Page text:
In denying Endsley's request to bifurcate the trial in this case, the trial court relied upon this Court's decision in Andrews v. Ford Motor Company,25 in which we vacated a trial court's order granting an insurance company's motion to intervene under OCGA § 9-11-24 (a) (2) in a product-liability action when the court conditioned the intervention such that the insurance company “would not be allowed to participate as a party during the main action”; “would not be allowed to have its name added to the caption of the case”; and “none of its claims would be addressed by the court until after the court had resolved the claims presented in the main action.” 26 Specifically, we concluded in Andrews that although the trial court's order purported to grant the insurance company the right to intervene, it
denie[d] [the company] the status necessary to protect any interest it may have—that of a party—and the litigation tools necessary to participate in the case as an intervenor so that it may carry out the purpose of intervention, that is, to protect whatever rights it may have or whatever claims it may seek to interpose during the pending litigation.27
However, setting aside the fact that the intervention in Andrews was made under an entirely different statute, the relevant division in this opinion is not binding precedent because one of the three judges participating in that case (Judge Doyle) concurred in the judgment only as to that division.28 Moreover, even if Andrews were binding precedent, nothing in that opinion explicitly purports to prohibit a trial court from bifurcating a trial in circumstances similar to those presented in the case sub judice. And while there may be some degree of tension between Andrews and cases involving bifurcation in the workers' compensation context, we need not resolve that tension today.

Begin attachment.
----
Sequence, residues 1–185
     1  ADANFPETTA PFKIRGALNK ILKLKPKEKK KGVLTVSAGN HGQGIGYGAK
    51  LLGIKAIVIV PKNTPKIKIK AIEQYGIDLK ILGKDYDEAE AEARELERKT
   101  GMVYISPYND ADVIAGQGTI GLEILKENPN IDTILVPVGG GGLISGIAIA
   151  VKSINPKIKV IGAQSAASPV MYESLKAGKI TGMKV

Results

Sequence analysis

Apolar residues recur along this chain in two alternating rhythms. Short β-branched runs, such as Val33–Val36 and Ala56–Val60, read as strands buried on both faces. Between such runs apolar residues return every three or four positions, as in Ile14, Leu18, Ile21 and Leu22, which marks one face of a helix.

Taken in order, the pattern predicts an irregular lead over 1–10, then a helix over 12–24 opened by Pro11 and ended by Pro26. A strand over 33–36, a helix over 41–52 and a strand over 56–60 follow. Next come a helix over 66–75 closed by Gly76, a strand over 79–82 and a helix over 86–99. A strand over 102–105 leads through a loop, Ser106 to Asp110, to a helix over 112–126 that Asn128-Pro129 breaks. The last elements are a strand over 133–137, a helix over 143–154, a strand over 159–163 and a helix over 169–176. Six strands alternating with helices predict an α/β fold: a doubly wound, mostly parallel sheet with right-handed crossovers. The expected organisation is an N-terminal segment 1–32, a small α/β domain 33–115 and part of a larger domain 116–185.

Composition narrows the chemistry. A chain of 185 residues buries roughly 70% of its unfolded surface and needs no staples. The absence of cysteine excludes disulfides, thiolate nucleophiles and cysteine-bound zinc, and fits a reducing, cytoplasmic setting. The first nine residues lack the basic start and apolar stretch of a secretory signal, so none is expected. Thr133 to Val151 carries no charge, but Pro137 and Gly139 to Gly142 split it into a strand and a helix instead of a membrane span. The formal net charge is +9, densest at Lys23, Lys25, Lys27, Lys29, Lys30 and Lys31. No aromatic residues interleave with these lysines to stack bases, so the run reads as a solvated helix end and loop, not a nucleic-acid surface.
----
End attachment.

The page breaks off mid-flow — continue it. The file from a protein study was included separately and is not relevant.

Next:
Accordingly, the trial court abused its discretion in failing to bifurcate this case, which, notwithstanding the stipulation ultimately reached between Endsley and UHC, resulted in comments and instructions throughout the trial that referred to the collateral source of workers' compensation benefits. However, for the reasons set forth infra in Division 2, the trial court's error in refusing to bifurcate does not require reversal.
2. Next, in two separate enumerations of error, Endsley argues that after accepting the stipulation with UHG and deciding that there was no longer a need for UHG to participate at trial, the trial court further erred in giving certain instructions to the jury. Specifically, Endsley maintains that the court erred in instructing the jury that UHG had paid benefits to Endsley, giving it a lien against any recovery, and had done so as a result of the wreck. She further contends that the court erred in instructing the jury that UHG's workers' compensation lien was “evidence about the presence or absence of insurance or benefits.” But pretermitting whether Endsley acquiesced to the first instruction by failing to move for a mistrial after the trial court accepted the stipulation and, instead, agreed that the court could instruct the jury as to same,29 we find any error by the trial court's instructions harmless.
We have previously rejected outright the argument that erroneous admission or reference to collateral sources is always harmful.30 Indeed, it is well established that, generally, when the error in the admission or exclusion of evidence or in the giving or not giving of jury instructions relates only to the issue of damages, and the jury finds that the defendant is not liable, the error is harmless because it does not affect the verdict. 31 To that end, we have repeatedly held that when collateral sources such as insurance and disability benefits are referenced, the error in doing so is harmless when the jury renders a verdict finding that the defendant is not liable to the plaintiff.32 Indeed, our own Supreme Court has acknowledged in Denton v. Con-Way Southern Express, Inc. 33 that, at least insofar as liability insurance of a defendant is concerned, the “rationale” for not disclosing same to a jury is due chiefly to “the assumption that a knowledge of the fact of insurance against liability will motivate the jury to be reckless in awarding damages to be paid ․”34 And, as we have previously recognized, when our Supreme Court decided Denton, it was “undoubtedly was aware of our treatment of this issue [ (i.e., our application of the harmless error rule to the erroneous admission of collateral-source evidence) ] before its decision,”35 and “without a specific holding to the contrary we will not interpret [the Supreme Court's] failure to address this issue as a rejection of the harmless error rule.”36